Pierre Bonnard 1867–1947 France


Pierre Bonnard was a post-impressionist French painter and printmaker, and founding member of the avant-garde group Les Nabis. Bonnard and Henri Matisse, were the great colorists of the 20th century. In 1890 Bonnard shared a studio with fellow Nabis artists, Vuillard and Denis, and pioneered the technique of color lithography along with Henri de Toulouse-Lautrec. Bonnard choose to only paint the familiar and the rituals of daily life. His often complex compositions—typically of sunlit interiors and gardens populated with friends and family members, are both narrative and autobiographical. Bonnard's fondness for depicting intimate scenes of everyday life led to him being called an "Intimist". He preferred to work from memory, imaginatively capturing the spirit of a moment and expressing it through his unique handling of color and innovative sense of composition. Bonnard lived into his eightieth year, spending time increasingly at Le Bosquet, his small house in Le Cannet overlooking the Mediterranean with his wife Marthe. Preferring a quieter life and not concerned with sales, he did little to self promote and over the decades his work became more and more sought after.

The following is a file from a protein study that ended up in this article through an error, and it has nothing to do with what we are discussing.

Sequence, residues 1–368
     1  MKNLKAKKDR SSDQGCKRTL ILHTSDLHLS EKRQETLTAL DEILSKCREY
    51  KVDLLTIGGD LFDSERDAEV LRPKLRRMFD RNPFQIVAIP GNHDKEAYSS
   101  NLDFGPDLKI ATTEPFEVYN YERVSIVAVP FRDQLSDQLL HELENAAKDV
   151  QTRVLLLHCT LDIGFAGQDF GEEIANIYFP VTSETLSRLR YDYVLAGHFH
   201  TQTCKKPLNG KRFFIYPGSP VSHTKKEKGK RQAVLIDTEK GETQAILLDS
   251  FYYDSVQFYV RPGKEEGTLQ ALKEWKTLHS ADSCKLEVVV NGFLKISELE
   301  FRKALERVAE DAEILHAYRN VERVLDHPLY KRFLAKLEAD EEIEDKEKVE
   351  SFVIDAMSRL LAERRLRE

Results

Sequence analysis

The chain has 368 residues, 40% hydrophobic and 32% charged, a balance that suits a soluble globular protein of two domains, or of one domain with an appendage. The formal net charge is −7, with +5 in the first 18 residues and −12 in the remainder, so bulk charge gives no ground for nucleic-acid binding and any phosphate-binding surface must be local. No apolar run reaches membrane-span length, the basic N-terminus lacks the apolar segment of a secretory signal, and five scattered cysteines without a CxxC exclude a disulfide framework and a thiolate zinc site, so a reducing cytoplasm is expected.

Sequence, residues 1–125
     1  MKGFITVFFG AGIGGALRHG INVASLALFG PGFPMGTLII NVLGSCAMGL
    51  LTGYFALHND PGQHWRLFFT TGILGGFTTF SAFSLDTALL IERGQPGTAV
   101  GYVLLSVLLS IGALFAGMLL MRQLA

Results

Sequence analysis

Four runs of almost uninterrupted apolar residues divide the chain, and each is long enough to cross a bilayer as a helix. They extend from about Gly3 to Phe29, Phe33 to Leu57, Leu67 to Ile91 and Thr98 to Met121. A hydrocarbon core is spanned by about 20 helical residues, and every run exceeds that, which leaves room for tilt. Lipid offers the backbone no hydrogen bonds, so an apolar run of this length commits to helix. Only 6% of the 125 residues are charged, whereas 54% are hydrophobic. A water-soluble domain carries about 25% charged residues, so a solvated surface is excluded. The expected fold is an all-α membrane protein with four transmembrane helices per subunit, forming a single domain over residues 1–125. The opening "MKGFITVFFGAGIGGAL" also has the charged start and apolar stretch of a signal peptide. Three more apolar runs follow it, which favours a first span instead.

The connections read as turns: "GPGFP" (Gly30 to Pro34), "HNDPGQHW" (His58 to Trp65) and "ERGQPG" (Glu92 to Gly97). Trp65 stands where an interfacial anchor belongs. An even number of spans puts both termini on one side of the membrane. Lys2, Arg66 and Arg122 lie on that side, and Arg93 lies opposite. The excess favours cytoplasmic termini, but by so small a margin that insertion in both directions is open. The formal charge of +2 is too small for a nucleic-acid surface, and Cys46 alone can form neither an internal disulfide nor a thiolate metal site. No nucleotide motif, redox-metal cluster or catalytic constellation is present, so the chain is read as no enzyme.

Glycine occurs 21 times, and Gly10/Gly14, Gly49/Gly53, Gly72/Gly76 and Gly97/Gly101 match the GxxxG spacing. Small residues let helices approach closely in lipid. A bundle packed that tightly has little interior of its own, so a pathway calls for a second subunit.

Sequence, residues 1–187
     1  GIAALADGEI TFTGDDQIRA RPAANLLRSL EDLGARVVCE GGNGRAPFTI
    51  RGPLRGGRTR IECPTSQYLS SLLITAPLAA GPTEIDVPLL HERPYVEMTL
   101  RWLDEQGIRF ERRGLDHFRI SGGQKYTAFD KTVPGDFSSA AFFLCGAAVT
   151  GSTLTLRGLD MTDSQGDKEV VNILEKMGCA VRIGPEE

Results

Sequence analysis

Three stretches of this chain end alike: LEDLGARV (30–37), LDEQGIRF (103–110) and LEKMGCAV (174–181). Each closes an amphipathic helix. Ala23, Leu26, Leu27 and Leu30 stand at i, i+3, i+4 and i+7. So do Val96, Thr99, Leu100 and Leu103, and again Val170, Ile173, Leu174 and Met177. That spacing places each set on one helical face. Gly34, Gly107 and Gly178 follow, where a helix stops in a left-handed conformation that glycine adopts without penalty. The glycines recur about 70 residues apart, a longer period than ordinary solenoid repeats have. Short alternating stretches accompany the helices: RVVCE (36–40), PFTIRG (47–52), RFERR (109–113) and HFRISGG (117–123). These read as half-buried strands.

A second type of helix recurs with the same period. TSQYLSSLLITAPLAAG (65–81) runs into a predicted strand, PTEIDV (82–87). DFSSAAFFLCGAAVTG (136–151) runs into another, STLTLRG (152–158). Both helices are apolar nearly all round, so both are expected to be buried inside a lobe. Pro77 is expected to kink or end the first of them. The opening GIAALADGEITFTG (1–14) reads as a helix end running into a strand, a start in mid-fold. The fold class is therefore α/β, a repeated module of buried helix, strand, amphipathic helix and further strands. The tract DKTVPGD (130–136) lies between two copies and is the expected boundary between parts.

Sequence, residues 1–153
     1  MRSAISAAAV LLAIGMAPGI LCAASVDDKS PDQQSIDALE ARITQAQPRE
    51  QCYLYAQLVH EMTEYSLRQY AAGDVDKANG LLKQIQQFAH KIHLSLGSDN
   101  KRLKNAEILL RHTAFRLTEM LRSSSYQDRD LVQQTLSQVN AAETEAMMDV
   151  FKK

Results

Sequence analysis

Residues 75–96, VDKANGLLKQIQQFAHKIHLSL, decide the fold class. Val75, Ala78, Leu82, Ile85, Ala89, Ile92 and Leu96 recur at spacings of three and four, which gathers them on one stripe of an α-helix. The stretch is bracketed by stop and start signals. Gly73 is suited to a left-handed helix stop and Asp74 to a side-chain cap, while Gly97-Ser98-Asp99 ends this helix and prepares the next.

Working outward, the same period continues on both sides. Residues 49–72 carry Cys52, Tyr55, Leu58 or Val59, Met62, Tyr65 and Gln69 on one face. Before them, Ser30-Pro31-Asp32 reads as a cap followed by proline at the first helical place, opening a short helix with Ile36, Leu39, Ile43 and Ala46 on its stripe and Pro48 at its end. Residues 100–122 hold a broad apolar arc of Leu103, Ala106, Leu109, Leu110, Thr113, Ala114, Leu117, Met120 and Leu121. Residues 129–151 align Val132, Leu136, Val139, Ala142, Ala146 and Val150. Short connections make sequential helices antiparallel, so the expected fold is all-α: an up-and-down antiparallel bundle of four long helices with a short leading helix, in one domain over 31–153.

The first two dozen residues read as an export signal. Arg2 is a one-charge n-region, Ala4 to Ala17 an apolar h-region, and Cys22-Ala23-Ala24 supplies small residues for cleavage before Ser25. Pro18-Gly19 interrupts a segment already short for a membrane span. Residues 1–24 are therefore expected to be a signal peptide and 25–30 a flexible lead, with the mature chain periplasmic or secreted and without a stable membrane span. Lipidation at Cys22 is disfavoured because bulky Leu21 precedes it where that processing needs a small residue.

His work is in all of the Guggenheim Museums.

The Tate Modern in London is currently featuring a retrospective exhibition of his work.

PIERRE BONNARD-THE COLOUR OF MEMORY 23 January – 6 May 2019


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